CNBC Is a Ghost Town – Where Have All the Investors Gone?


CNBC ratings have stunk for a while, recently hitting their lowest levels since 1997.

Financial Media CNBC

But the latest numbers show that being “first in business” may not exactly exactly mean being a priority in the minds of TV viewers.

Nielsen just released third quarter ratings, and once again CNBC has shown it is losing viewership. The network’s “Business Day” segment, from roughly 9:30 a.m. to 5 p.m., is delivering CNBC its lowest-rated quarter ever — particularly in the coveted advertising demographic of ages 25-54.

Here are just a few noteworthy lows, according to Nielsen data:

  • Squawk Box delivered its lowest-rated quarter ever in total viewership and also in the 25-54 cohort
  • Squawk on the Street delivered its lowest-rated quarter ever with the 25-54 cohort
  • Street Signs delivered its lowest-rated quarter ever in total viewership and also in the 25-54 cohort
  • Closing Bell delivered its lowest-rated quarter ever in total viewership and also in the 25-54 cohort
  • Fast Money delivered its lowest-rated quarter ever in the 25-54 cohort
  • Mad Money tied with Q3 of 2013 for its lowest-rated quarter ever in the 25-54 cohort

Where Have All the Investors Gone?

As a former ink-stained wretch at newspapers, I am a member of the media as I am a member of Wall Street — which is to say, an unimpressive member of both parties. But since I have a lot of connections across the biz, it often results in the same old conversation: “Where have all the investors gone?”

The answer is that many investors have just checked out — some because they invest passively via funds instead of active stock ownership, but others aren’t participating simply because they don’t have the money after the financial crisis, or because they think the market is rigged.

Despite stocks being at record highs, stock ownership in America is at record lows … meaning fewer people who would find anything of value on networks like CNBC.

Competition Is Fierce

At the same time, investors are becoming fewer and far between, and competition has been fierce for the few customers who remain. Many mainstream sites like CNBC on TV, on the Web and countless print products have been struggling to grow in a digital age where smaller and specialized sites have popped up — some with almost cult-like appeal.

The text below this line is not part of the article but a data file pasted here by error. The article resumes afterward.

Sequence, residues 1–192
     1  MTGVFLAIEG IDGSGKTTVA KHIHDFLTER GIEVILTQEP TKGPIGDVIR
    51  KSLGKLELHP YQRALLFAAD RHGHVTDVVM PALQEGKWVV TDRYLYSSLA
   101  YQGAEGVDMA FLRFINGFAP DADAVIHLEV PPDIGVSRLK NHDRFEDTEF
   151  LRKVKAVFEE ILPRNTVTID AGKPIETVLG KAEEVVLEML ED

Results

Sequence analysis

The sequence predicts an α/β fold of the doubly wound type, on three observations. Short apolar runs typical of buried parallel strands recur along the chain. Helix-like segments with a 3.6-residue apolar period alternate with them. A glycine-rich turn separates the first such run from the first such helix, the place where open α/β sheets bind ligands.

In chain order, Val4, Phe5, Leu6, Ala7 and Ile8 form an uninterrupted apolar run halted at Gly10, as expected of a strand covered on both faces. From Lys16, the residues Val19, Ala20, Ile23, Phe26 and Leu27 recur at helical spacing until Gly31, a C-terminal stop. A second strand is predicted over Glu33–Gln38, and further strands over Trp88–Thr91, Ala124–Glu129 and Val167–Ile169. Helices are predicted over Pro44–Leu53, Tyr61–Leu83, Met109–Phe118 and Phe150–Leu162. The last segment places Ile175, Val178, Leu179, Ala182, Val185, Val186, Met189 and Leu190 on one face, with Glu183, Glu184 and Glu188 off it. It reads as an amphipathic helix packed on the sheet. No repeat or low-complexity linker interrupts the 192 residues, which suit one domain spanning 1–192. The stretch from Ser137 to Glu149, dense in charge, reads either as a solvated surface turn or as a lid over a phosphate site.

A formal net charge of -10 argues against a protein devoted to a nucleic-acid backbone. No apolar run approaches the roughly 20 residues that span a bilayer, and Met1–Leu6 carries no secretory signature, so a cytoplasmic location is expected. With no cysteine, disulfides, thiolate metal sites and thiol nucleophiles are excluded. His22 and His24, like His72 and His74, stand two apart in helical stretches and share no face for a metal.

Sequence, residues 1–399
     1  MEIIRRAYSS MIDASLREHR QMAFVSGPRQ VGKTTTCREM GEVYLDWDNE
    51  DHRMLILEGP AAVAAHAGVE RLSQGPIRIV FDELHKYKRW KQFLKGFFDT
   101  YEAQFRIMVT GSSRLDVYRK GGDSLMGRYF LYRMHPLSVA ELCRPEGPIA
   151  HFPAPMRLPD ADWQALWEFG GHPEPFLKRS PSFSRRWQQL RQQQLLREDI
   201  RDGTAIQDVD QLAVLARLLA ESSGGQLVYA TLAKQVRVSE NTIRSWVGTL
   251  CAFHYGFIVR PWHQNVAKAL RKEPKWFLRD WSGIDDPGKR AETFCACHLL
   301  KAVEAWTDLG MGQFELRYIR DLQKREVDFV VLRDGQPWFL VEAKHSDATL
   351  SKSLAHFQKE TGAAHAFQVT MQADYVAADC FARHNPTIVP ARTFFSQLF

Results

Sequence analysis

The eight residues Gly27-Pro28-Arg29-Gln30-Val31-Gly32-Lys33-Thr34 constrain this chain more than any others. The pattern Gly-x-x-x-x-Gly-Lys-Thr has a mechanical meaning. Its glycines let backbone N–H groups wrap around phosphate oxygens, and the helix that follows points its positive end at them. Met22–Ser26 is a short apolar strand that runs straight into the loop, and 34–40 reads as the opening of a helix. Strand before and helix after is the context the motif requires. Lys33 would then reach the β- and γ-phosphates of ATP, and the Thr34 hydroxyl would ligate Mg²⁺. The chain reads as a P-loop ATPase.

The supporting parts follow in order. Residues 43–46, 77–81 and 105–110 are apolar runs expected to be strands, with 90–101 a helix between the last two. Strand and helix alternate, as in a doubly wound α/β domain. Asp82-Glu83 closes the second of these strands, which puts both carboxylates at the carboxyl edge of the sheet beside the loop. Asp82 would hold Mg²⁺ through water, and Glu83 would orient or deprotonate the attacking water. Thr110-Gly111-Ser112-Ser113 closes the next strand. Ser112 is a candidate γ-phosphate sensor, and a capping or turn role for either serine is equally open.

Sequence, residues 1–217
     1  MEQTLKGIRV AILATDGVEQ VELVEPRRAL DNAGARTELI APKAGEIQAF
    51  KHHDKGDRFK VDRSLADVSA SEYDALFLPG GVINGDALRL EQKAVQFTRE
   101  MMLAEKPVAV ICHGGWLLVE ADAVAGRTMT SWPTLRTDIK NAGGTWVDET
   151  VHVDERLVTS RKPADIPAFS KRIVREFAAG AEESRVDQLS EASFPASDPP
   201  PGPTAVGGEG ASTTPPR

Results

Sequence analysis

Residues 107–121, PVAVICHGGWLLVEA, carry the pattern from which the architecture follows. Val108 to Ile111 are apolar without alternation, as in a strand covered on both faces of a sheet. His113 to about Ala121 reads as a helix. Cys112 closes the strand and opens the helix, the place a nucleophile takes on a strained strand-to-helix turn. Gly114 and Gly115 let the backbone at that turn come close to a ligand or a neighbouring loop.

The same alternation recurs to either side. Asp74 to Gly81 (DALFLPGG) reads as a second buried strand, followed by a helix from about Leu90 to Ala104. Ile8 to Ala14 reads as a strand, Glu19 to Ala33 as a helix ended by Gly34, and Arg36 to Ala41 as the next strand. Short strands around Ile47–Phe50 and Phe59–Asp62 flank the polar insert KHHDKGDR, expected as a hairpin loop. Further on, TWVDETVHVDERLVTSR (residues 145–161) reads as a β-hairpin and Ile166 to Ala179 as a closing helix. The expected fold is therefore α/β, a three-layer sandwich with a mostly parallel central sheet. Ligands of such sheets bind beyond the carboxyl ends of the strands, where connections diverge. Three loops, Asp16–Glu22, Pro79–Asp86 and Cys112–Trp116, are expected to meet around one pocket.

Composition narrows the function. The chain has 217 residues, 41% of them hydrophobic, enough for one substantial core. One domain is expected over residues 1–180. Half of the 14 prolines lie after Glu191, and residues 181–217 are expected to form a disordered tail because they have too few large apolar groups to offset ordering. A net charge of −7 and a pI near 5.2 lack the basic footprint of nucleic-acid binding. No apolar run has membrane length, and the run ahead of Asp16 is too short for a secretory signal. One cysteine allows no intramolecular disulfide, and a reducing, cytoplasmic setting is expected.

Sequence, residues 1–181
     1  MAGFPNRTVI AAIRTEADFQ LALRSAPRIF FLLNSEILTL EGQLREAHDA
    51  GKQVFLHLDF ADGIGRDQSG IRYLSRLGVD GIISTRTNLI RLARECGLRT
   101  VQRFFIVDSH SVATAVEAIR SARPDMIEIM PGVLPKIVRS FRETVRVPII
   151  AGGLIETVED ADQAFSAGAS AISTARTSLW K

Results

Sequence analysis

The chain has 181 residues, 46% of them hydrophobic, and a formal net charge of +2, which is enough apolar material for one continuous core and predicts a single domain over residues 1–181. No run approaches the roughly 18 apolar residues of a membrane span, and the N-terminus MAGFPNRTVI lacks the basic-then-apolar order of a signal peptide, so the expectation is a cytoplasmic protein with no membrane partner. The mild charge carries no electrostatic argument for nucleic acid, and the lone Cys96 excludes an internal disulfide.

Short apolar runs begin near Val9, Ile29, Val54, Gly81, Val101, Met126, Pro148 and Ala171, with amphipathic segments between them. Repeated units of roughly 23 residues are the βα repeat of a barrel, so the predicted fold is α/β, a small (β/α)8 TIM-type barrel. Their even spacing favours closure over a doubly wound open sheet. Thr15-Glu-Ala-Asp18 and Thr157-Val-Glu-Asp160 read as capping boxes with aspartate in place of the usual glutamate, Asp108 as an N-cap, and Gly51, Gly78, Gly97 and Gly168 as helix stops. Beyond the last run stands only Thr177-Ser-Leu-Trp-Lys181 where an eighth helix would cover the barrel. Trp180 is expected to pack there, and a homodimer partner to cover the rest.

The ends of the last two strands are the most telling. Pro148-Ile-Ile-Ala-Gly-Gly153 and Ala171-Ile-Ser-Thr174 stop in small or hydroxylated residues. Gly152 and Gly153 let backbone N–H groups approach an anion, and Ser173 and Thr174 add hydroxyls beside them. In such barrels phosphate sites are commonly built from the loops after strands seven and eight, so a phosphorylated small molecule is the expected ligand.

For the doom-and-gloom crowd, there’s Zero Hedge. For aggressive traders, there is the StockTwits network or countless blogs like iBankCoin to plot your next move.

And more pop up every day.

CNBC had financial media all to itself in years past … but now there’s Fox Business Network, which launched in 2007 with the full might of Roger Ailes behind it. Fox Business Network didn’t even exist in early 2007, but has managed to move right into the same space as CNBC.

More recently, there’s Bloomberg TV — a scrappy network that isn’t on a lot of carriers, but one that has won a lot of support from investors looking for a higher level of insight.

And let’s not even get started on the number of sites that run video on the web, from Yahoo Finance to some obscure YouTube channel.

Investors Tuning Out

On the whole, despite being a pundit who makes his living off the gyrations of the stock market, I’m not sure that the sharp decline at CNBC is a bad thing.

The vast majority of investors don’t need the kind of infotainment offered there, the kind of drive-by advice that is designed to follow flash-in-the-pan trends and then never circle back with accountability. surely offers up our shares of bad financial advice. But I’d like to think we occasionally set ourselves apart with more thoughtful commentary that is in-depth and longer-term. And we revisit our past calls, we fact-check our writers and we offer up opinions based on real numbers like earnings growth or price-to-earnings ratios.

And investors seem to like it, because despite CNBC’s decline, our site (and others like it) are growing strong.

The bottom line is that investors want options, and will only rely on the outlets that provide quality commentary they trust.

A 24-hour network devoted to the latest fads on Wall Street may work for breaking news … but when it comes to deep insight you can use to make money, CNBC simply may not have the right format to succeed. CNBC surely has some good talent there, but asking them to fill a full day of programming with stories of value simply may be impossible.

And judging by the ratings debacle in Q3, investors have noticed. So they are watching less than ever before.

Jeff Reeves is the editor of and the author of The Frugal Investor’s Guide to Finding Great StocksAs of this writing, he did not hold a position in any of the aforementioned securities. Write him at or follow him on Twitter via @JeffReevesIP

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